Robyn finds freedom in making own way through club music scene


If you're finally over that regretful phase of wasting your ears on Lady Gaga and Katy Perry, why not listen to a much more fun singer rooted in electronic-pop? Her moniker is Robyn. She is neither a Gaga couture mannequin nor a Perry pop patronizer.

You might already know her songs if, while clubbing, you have heard "Hang With Me," "Dancing On My Own" and "Cobrastyle."

How did Robyn become so good?

For one thing, the best musicians have the best taste in other musicians and tones. As a kid, Robyn crushed on "the more adventurous" side of dance music. By era, that would be Kraftwerk, David Bowie, Prince, Michael and Janet Jackson, TLC, Neneh Cherry, Kate Bush, Technotronic, the forgotten-but-utterly-danceable KLF, and house and techno.

As a result, Robyn's best tunes are her more adventurous and daring projects. Her catchiest song is probably "The Girl and the Robot," an intense collaboration with the mega fun, Norwegian electro duo R yksopp.

With her uber-urban-confident vocals, it took Robyn a decade to get real exposure in America as a dance musician, because it has taken a decade for electronic-dance music to truly infiltrate pop music.

Robyn is a citizen of Sweden and even she understands the pickle American dance music has found itself in.

"You guys invented club music in a way," she says. "But the good music you have has never gotten any attention. It's more been about the commercial side, which is maybe not the most interesting thing to me."

Robyn herself used to be part of the machine when she notched a Billboard hit at age 19, in the 1997 single "Do You Know (What It Takes)," a major-label production, pop-i-fied by Britney Spears' Swedish producer Max Martin.

As Robyn matured, she left major label life to strike out as an independent musician under her own Konichiwa Records in 2004.

Since then, Robyn, 31, has evolved into a better and more popular musician and songwriter.

I asked if she feels vindicated, having leap-frogged the standard record-label routine.

"I'm not looking for that kind of recognition. I don't think I have anything to prove," she says. "I did these changes very much for myself."

The freedom she gained allowed her to do something remarkable last year. She released not one album, but three. It worked out, supplying club hits, good sales and critical acclaim.

Recording three albums at once freed her creative mind, she says.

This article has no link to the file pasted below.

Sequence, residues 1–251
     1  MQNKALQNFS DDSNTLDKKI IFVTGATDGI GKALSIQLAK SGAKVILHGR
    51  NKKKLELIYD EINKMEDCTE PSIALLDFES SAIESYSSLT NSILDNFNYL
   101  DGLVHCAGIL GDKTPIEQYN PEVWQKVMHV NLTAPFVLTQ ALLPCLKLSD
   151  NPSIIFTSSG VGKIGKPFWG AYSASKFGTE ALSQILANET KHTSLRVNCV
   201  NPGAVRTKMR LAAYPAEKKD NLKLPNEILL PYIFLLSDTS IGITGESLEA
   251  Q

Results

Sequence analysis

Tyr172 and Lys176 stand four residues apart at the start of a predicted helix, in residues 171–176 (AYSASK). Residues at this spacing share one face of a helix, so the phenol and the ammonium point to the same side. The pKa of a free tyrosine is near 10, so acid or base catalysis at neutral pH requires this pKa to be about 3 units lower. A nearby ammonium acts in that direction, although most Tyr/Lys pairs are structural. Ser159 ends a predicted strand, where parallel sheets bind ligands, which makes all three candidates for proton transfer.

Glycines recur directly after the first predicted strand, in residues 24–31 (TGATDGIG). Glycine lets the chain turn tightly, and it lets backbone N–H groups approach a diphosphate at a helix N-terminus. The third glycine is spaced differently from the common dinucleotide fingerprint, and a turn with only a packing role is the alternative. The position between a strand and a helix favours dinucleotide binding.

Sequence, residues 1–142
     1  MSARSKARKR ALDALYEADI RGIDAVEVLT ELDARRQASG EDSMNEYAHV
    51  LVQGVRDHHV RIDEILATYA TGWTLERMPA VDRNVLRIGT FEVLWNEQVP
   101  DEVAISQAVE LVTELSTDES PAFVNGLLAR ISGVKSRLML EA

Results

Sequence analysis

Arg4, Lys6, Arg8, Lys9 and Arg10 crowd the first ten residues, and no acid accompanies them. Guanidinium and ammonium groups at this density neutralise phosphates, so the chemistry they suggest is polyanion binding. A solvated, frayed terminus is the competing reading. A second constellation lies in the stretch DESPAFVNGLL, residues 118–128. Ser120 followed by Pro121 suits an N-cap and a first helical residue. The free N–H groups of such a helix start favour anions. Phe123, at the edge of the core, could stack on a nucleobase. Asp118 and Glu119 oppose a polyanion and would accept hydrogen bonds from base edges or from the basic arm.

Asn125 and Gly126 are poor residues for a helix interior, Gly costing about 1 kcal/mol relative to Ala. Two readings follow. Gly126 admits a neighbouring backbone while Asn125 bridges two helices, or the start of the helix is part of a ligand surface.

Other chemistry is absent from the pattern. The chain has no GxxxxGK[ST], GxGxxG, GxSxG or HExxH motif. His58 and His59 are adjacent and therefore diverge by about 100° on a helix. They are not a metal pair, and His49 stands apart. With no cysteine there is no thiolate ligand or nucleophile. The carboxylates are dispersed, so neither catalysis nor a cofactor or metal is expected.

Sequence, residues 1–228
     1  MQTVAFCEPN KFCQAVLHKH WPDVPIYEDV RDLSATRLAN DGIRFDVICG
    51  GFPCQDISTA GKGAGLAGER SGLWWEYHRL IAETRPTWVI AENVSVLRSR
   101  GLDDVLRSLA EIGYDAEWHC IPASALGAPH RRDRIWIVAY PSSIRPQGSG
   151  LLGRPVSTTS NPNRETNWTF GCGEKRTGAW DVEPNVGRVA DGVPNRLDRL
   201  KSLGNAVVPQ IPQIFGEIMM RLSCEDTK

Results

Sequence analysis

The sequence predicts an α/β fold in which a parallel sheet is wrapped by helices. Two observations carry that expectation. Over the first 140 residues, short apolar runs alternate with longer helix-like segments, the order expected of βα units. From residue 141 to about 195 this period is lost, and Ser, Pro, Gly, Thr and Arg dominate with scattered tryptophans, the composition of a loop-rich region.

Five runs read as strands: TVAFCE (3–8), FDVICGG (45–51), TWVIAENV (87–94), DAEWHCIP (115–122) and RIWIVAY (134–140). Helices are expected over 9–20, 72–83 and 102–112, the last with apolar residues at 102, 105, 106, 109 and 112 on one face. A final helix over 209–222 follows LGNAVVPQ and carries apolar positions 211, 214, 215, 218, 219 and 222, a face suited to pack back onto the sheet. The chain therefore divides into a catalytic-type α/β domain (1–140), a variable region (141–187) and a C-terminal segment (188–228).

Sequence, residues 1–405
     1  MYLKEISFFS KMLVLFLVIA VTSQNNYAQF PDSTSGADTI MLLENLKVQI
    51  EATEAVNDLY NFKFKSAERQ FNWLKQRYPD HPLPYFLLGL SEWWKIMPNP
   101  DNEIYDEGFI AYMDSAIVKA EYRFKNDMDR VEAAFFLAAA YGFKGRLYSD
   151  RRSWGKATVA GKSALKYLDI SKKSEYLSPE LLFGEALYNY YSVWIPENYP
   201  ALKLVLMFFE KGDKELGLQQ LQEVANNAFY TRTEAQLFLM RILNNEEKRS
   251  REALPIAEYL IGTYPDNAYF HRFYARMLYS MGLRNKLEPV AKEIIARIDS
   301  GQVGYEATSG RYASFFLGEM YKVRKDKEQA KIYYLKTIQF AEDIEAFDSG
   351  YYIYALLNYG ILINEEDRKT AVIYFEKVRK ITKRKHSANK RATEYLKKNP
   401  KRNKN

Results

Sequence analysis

If she awoke one day wanting to record a dance hall song, she would do just that, writing "Dancehall Queen." If she awoke one day wanting to record a pretty synthetic ballad, she would write "Hang With Me."

The process was akin to eating or dressing oneself, she says.

"Some days," she says, "you feel like wearing something particular or having something particular to eat.

"That was in my head when I came up with this way of working. I wanted to have a creative process that followed my instinct more."

To Robyn, it seemed a logical outlet from the industry's way of releasing albums.

The music industry, as she notes, tries to make everyone listen to "the same thing at the same time."

Here's a good example: When we listen to a Robyn song on YouTube, YouTube often suggests we should next listen to a Lady Gaga song -- a collusion to ram that insufferable Madonna parrot down our throats with videos polluted with product placements.

At any rate, Robyn does not expect to continue the three-albums-a-year model.

"Everything about doing it that way has been amazing. It would be impossible for me to do it again. I just started touring much more than I've ever done before."

If a fellow musician wanted to do her three-albums-in-a-go bit, her only warning would be, "Don't try to tour too early."

"I'm a tour zombie," she says.

All Robyn is missing is the popularized personal life that makes a star a star. She is scandal-free in a world that rewards the Lady Gagas and Kim Kardashians for being egomaniacal and naked.

I asked her why I know almost nothing about her personal life.

"It's because I don't talk about my personal life at all, so people don't have anything to talk about," she says.

I tried to coerce her, asking her to name likes and dislikes at the very least, but she wouldn't step into the bear trap.

"It's very hard for me to answer that question. It sounds like a question you have in those friendship books in school," she says.

"My interest is music, and that's usually what I spend my time doing. I'm really bad at answering these questions."

So that's Robyn, a musician focused on inventing a lot of good songs for our lucky ears, a rabid concept in a business that shills Gaga juggernauts.

Doug Elfman's column appears Tuesdays, Thursdays and Fridays. Contact him at delfman@reviewjournal.com. He blogs at reviewjournal.com/elfman.

 

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